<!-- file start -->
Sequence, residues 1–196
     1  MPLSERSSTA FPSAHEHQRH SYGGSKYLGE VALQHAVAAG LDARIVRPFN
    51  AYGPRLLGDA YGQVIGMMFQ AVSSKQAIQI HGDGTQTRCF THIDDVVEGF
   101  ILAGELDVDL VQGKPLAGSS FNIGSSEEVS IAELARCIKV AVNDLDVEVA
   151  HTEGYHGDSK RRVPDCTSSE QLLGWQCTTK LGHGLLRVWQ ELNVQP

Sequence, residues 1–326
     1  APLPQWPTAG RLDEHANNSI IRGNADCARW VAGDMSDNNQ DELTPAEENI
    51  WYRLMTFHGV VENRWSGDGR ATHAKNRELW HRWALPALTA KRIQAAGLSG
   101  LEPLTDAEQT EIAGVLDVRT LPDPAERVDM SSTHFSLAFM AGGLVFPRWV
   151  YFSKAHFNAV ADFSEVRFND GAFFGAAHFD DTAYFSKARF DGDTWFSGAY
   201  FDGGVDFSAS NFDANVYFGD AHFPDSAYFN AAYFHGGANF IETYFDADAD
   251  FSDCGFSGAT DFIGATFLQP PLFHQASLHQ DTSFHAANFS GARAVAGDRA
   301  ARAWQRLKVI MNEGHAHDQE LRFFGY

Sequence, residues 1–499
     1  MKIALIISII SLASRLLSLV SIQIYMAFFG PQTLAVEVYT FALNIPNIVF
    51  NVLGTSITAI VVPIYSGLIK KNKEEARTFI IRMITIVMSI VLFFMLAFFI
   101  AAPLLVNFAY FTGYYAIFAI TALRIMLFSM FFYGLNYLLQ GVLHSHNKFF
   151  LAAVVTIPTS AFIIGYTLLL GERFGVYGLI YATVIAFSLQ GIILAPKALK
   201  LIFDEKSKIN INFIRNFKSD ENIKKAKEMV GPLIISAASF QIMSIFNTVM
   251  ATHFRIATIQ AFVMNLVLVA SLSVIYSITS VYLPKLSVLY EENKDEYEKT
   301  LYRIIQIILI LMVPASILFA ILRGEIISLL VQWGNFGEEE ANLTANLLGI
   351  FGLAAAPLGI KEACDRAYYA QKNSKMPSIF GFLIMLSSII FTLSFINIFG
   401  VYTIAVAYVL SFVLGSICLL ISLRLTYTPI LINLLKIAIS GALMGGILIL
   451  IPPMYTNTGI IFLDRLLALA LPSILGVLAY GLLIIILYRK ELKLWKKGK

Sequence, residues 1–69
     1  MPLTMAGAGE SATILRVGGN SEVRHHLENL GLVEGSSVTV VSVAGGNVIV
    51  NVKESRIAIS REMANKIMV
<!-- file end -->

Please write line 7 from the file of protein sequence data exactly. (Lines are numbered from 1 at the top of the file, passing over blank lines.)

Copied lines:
     1  APLPQWPTAG RLDEHANNSI IRGNADCARW VAGDMSDNNQ DELTPAEENI